In winter, the most common way of stocking the larder was the pig slaughter, often on St Catherine's Day (25 November) or St Andrew's Day (30 November), so that smoked sausages and hams were ready for Christmas, but also on St Thomas' Day (21 December) to keep the pork dishes fresh for the feasts. It is interesting to note that the pig was a pagan sacrificial animal, hence the tradition. Last but not least, pigs are associated with good luck, a belief that has been passed down to the present day, especially as regards the New Year's first day menu.
The animal's parts were processed in various ways, such as salting and smoking the head, the pork cutlet bone, the under-fat meat, the spare ribs, the long pork loin, the shoulder, the bacon, the sausages, the pork cheese and the legs, which were used to make ham. Mostly the women made the sausages and haggis with porridge and chitterling stuffing. The dishes eaten at the dinner after slaughter, the pig feast, were made from fresh meat, such as the broth, which was typically made from pork cutlet bone, or the roast pork and “toros” cabbage. This celebration was also attended by relatives and neighbours of the family.
“Cabbage stuffed with pork meat
Chop up the pork, add salt, pepper, paprika, rice, one onion and mix it well. Wrap the heaps in cabbage leaves, tuck in the two ends. Place some cabbage in the bottom of the pot, and the wraps on top. Add the cabbage juice or water and cook. Then place the cabbage wraps in a bowl. Thicken the remaining leaves and bring to the boil. You can also remove the top of the parboiled sauce and sprinkle it with a little paprika and flour. Then you don't have to thicken it. It is cooked and then you put it on the stuffed wraps. (Tiszakürt)" - Zsolt Sári: The Pleasures of the Peasant Table
The 24th December, the Christmas Vigil, was a fasting day in both Catholic and Protestant regions. On this day, the fast of Christmas without meat was observed until noon, but occasionally the whole day, and sometimes believers drank only water until the midnight mass. Regarding fasting foods, they often ate foods believed to bring good luck and wealth: beans, lentils, poppy seeds (in the form of noodles and cakes with poppy seed). Christmas apples, walnuts, baked pumpkins, wafers (also known as miller's cakes or mill cakes), honey (mainly in cakes and gingerbread), cottage cheese (flavoured cottage cheese or pie) were all used for divination and healing. Garlic was eaten simply with bread or was used for flavouring meat dishes after fasting, and which also played an important role in scaring off evil spirits and witches.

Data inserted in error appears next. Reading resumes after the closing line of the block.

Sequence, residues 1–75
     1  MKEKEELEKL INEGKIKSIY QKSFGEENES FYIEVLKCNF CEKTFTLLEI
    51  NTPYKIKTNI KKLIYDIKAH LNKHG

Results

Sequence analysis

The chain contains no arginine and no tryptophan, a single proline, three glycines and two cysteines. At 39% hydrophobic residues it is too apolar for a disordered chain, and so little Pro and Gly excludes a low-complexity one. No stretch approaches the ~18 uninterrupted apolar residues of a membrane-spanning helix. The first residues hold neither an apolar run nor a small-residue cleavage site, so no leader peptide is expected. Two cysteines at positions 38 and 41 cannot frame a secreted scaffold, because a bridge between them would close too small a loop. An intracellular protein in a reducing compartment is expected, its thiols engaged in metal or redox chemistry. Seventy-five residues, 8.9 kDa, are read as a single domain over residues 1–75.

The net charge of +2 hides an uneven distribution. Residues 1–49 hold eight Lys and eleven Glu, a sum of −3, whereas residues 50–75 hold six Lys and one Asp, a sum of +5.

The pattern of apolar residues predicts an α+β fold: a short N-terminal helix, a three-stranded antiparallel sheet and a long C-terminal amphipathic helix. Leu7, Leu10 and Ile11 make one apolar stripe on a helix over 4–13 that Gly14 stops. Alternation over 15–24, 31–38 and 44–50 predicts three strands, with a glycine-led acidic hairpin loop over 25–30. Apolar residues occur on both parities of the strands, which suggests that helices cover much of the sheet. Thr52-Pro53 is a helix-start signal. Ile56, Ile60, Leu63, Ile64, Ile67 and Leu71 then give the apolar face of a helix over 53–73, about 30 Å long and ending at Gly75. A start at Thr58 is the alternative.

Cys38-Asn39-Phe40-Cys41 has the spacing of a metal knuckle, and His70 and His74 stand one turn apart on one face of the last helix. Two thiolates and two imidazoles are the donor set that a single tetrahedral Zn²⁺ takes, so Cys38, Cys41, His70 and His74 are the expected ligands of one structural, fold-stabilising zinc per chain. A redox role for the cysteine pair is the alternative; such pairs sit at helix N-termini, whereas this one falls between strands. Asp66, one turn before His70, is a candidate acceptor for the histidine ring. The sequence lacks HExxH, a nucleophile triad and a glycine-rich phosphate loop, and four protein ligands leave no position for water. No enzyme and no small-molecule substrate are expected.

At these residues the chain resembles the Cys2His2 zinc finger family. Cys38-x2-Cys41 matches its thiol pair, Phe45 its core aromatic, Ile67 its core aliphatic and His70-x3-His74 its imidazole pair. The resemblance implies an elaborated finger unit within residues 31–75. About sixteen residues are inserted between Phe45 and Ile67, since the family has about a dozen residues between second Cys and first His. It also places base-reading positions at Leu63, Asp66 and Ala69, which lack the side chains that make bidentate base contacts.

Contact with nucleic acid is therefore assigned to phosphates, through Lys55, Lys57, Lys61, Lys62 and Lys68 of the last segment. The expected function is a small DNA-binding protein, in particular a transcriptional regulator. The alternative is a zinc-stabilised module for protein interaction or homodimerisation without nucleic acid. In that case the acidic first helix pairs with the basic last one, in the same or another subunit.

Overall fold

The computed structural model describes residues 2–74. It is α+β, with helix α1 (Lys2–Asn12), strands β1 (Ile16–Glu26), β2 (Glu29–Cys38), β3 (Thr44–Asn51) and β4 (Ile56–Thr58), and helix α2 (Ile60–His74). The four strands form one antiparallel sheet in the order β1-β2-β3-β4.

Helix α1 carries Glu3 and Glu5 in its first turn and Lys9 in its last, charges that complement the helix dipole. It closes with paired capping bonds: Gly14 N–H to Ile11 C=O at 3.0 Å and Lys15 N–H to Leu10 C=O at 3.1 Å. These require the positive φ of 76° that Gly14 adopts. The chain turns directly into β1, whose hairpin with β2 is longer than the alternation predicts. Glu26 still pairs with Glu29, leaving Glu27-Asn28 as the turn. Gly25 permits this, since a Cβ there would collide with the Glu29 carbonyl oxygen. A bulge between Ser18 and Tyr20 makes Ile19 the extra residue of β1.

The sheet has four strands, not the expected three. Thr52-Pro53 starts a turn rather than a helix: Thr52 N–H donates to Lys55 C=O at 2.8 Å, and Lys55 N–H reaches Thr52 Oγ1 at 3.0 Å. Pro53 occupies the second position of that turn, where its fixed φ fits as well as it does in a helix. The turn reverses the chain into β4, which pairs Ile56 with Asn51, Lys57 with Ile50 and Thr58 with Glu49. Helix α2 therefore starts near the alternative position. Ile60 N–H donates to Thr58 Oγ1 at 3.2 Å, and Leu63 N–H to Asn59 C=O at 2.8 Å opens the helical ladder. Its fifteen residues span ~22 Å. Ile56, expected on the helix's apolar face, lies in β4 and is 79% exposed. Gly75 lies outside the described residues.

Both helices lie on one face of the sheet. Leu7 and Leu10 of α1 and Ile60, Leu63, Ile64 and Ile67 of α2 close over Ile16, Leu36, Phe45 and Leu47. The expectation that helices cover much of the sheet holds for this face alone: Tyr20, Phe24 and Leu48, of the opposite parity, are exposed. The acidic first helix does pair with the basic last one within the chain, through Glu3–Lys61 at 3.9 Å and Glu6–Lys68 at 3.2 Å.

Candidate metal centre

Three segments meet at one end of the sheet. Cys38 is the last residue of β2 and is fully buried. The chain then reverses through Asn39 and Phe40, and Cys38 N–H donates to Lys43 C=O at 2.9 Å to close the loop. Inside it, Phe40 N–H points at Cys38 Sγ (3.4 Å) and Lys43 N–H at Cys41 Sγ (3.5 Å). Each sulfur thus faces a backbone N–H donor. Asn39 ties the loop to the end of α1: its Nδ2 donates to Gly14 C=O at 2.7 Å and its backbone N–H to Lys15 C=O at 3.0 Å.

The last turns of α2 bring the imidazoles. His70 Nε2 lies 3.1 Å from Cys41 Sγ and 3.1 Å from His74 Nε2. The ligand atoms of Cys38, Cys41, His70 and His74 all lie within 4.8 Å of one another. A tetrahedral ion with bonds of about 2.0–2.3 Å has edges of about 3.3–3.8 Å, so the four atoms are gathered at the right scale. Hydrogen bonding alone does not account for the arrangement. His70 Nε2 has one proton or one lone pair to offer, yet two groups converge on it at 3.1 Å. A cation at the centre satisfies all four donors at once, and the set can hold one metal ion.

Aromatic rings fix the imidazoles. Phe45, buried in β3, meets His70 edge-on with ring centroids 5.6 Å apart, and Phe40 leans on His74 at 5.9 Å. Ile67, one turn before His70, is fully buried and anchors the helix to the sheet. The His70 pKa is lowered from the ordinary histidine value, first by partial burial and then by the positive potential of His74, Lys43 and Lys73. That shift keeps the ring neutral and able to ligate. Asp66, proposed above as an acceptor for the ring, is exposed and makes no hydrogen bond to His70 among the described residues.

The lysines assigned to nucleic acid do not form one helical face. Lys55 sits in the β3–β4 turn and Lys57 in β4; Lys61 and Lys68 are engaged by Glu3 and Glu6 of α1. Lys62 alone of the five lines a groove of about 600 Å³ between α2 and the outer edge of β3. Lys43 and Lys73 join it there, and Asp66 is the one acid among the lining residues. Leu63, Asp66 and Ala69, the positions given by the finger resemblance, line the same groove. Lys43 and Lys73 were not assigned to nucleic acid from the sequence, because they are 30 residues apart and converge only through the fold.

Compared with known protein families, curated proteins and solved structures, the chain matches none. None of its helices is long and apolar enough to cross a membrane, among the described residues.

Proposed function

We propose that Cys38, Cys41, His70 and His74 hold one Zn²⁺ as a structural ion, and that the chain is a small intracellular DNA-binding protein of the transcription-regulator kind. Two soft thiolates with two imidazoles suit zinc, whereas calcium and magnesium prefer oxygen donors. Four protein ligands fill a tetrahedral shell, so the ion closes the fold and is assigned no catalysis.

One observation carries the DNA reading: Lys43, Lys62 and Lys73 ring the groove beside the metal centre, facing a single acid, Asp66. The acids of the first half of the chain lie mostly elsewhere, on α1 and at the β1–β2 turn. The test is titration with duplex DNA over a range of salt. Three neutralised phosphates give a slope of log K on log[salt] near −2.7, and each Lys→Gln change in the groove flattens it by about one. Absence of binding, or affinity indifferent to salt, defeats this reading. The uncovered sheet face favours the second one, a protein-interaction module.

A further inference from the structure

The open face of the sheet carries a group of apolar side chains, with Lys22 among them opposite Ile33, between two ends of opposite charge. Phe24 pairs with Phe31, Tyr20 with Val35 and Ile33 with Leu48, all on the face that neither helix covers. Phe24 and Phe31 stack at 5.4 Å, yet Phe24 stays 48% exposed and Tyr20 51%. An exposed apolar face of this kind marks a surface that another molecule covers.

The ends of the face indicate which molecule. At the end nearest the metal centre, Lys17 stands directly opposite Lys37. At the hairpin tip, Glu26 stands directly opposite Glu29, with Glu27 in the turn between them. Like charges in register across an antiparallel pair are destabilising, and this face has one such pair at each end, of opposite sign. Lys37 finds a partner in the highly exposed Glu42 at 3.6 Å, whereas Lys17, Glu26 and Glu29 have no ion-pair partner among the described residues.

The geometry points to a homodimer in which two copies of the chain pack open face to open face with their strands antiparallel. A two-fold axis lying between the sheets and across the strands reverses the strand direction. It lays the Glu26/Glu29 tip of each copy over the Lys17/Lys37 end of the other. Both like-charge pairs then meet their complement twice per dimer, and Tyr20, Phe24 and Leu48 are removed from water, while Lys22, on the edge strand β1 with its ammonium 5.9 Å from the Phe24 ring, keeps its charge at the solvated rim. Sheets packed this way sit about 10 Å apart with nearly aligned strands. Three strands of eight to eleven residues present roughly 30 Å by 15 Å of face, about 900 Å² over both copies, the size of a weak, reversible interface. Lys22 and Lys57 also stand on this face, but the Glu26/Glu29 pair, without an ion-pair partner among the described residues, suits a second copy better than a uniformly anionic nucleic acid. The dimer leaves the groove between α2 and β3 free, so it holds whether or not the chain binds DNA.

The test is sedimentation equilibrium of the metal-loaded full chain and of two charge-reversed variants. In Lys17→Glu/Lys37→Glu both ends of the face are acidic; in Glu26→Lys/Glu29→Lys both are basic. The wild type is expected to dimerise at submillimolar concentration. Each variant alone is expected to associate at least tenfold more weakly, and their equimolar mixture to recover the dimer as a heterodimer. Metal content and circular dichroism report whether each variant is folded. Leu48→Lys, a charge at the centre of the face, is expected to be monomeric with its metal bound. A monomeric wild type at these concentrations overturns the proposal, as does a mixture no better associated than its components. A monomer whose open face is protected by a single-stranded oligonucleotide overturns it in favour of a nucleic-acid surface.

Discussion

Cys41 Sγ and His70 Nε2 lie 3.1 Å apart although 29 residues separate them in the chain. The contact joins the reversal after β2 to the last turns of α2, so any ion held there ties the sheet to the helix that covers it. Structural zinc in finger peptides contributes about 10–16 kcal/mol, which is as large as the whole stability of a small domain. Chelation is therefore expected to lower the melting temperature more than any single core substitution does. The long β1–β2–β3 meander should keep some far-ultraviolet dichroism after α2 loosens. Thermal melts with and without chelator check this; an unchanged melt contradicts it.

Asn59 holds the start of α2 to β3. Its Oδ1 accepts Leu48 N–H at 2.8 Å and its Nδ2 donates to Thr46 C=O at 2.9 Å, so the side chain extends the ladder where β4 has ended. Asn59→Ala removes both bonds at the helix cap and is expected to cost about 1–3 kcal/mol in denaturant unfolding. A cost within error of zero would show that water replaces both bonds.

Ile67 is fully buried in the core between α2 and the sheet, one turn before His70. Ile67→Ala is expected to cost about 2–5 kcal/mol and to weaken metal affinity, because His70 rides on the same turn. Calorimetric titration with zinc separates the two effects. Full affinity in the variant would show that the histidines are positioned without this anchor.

Ingredients: 0.5 kg sugar or potato sugar; 1.1 kg flour, anise seeds or vanilla sugar, a little volatile salt, lemon peel.
Mix the dough to the consistency of pancakes. The iron for baking the cake was heated well and two tablespoonful of dough were poured over the iron and shaken. After half a minute of baking, it was ready and rolled up into a pancake shape (Jászapáti)." - Zsolt Sári: The Pleasures of the Peasant Table
Another wafer recipe from Boldva in Borsod County, collected in 1970:
"For 1 litre of sweet milk, add 2 eggs, a little flour, and sugar. Mix it like pancake batter and add a very little fat. Put a spoonful in it and close the mould. When we opened the iron mould, we immediately rolled it on a wooden spoon. You had to stick it in the machine. We did it for holidays, Christmas, Easter, and for weddings. It was made for big game hunting for the landlord."